See a restoration in action. Wolf Huber's 'Christ taking leave of his Mother', a 16th-century painting, had been badly damaged. Watch the panels get joined carefully back together and the final retouching of losses of paint – with James Heard, National Gallery Education.

     

    From The National Gallery Visitor's Guide DVD

     

    Find out more about Wolf Huber, Christ taking leave of his Mother, about 1520

    About the video:

     

    See a restoration in action. Wolf Huber's 'Christ taking leave of his Mother', a 16th-century painting, had been badly damaged. Watch the panels get joined carefully back together and the final retouching of losses of paint – with James Heard, National Gallery Education.

     

    From The National Gallery Visitor's Guide DVD

     

    Find out more about Wolf Huber, Christ taking leave of his Mother, about 1520

    Read More
     thumbnail04:41

    Technical insight

    James Heard discusses 'Christ taking leave of his Mother'

    Movie
  • James Heard: The Gallery owns several paintings which have previously been modified to satisfy changing tastes or interpretations. When 'Woman at a Window' was acquired by the gallery in the mid-19th century it depicted a demure young brunette looking out from behind a curtain. A black and white photograph records the painting in this condition. However, when the heavily discoloured varnish was cleaned off in the conservation studio, it was realised that the picture had been substantially modified. Careful removal in stages of the later surface paint revealed a far more provocative woman.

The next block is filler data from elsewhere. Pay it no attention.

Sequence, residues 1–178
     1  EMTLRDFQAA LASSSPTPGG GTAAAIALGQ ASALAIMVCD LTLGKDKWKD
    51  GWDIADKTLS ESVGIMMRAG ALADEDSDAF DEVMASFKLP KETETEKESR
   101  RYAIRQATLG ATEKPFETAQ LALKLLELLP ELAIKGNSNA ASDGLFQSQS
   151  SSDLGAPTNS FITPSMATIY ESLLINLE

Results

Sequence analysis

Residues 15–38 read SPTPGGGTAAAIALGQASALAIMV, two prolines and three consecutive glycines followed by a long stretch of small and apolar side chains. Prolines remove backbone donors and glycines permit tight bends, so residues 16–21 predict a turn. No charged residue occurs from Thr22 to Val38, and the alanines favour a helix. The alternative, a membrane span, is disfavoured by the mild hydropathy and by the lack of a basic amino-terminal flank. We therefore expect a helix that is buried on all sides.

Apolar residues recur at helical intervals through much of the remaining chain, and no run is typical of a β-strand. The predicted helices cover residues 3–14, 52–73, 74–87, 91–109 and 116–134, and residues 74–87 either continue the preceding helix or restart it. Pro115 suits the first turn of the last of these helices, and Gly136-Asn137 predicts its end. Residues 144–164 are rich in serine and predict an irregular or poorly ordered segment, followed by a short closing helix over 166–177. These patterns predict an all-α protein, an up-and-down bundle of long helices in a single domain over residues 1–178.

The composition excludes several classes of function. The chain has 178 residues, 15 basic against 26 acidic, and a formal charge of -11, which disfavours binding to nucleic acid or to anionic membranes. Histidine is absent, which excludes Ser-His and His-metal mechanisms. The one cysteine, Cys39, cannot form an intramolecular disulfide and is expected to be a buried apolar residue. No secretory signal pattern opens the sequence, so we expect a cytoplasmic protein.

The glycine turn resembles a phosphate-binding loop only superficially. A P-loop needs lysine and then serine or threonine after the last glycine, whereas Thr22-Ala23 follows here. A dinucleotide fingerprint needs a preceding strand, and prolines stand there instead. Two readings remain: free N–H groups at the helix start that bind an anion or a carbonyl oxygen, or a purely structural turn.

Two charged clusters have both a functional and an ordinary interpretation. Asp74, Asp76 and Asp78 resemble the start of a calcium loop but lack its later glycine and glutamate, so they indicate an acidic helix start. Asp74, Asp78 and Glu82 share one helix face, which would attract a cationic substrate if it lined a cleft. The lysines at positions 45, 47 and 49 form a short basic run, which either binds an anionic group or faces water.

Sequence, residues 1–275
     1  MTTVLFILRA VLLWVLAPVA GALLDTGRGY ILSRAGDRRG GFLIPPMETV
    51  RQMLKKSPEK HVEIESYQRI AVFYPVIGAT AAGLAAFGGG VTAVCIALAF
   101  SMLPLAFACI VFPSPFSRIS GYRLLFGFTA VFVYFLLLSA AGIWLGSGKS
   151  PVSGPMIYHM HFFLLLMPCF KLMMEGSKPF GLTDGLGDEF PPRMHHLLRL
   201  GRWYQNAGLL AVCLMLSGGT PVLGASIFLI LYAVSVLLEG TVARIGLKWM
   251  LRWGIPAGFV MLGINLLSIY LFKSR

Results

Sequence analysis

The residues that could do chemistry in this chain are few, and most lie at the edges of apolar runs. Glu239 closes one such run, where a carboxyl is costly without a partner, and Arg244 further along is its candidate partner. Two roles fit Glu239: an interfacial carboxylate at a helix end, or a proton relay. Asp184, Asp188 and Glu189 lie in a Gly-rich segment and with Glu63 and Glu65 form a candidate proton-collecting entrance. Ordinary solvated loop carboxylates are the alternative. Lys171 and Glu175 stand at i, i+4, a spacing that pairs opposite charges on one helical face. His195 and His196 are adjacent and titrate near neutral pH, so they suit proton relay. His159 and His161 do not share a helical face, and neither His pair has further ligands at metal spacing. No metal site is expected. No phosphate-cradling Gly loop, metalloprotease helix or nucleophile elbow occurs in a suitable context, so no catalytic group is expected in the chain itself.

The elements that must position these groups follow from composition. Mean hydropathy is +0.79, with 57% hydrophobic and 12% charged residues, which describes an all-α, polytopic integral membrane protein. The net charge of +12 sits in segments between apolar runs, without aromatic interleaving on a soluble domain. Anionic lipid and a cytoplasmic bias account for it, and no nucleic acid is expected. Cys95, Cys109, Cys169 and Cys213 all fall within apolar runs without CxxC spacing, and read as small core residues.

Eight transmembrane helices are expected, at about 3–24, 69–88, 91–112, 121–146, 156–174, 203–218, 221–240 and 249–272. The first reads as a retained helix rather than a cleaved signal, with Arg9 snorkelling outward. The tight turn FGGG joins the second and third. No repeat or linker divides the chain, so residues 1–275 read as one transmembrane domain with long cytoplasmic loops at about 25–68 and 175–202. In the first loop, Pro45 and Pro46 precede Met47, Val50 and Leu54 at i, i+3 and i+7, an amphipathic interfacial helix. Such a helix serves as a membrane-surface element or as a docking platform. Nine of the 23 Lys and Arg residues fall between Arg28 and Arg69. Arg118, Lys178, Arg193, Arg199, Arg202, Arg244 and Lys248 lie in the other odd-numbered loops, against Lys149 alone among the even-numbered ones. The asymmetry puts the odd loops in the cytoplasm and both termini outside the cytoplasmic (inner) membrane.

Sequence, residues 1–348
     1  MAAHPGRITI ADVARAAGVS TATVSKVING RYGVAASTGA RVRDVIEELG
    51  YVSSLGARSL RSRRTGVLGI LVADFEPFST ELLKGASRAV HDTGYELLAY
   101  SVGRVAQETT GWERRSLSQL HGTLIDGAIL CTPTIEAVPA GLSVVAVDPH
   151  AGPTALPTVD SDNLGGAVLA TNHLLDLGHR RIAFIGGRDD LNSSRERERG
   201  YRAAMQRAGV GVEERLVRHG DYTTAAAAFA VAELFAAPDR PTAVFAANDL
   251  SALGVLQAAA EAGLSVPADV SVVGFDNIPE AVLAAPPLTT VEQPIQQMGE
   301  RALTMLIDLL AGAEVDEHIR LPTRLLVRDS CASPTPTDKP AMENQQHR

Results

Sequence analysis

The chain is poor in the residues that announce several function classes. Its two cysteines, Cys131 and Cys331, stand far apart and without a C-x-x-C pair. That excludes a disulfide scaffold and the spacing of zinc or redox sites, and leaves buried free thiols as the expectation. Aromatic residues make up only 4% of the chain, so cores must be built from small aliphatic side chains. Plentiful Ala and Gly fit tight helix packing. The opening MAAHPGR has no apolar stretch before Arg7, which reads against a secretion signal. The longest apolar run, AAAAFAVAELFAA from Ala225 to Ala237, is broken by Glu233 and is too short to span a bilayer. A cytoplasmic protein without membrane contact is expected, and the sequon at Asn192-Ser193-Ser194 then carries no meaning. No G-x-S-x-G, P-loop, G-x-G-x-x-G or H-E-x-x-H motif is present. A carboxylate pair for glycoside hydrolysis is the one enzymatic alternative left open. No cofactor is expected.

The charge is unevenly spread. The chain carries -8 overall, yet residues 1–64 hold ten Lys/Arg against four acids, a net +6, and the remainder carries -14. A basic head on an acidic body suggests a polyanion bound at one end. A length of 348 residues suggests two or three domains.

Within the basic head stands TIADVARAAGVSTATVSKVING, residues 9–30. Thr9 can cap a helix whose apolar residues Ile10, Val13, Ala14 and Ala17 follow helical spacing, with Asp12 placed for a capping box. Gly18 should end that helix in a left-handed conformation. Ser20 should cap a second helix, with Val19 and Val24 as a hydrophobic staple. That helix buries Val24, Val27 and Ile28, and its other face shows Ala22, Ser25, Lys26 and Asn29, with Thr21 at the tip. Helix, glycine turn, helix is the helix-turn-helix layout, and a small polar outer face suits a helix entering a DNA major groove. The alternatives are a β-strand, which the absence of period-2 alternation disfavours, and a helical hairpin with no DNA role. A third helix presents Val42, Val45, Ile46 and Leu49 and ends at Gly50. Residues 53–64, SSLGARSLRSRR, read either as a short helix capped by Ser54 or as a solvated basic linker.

It became apparent that the original painting by an unknown Italian painter, dated to around 1510 to 1530 had been dramatically altered in the 19th century to satisfy more restrained Victorian tastes. The Renaissance girl’s blonde hair had been switched to brunette, her suggestive sideways glance tamed with wider and more innocent eyes, and her bodice rendered less revealing. The intent of the original Renaissance painting can once again be appreciated after the removal of these falsifying accretions.

    Coming soon; Close Examination: Fakes, Mistakes, and Discoveries.

    Close examination

    James Heard uncovers 'Woman at a Window'

    About the video:

     

    Discover what was revealed in cleaning this Italian Renaissance painting - with James Heard, National Gallery Education

     

    From the National Gallery DVD, Close Examination: Fakes, Mistakes and Discoveries

     

    Read about the cleaning and restoration of Italian, North, Woman at a Window, probably 1510-30

     

    More about the 2010 exhibition Close Examination: Fakes, Mistakes and Discoveries

    About the video:

     

    Discover what was revealed in cleaning this Italian Renaissance painting - with James Heard, National Gallery Education

     

    From the National Gallery DVD, Close Examination: Fakes, Mistakes and Discoveries

     

    Read about the cleaning and restoration of Italian, North, Woman at a Window, probably 1510-30

     

    More about the 2010 exhibition Close Examination: Fakes, Mistakes and Discoveries

    Read More
     thumbnail01:44

    Close examination

    James Heard uncovers 'Woman at a Window'

    Movie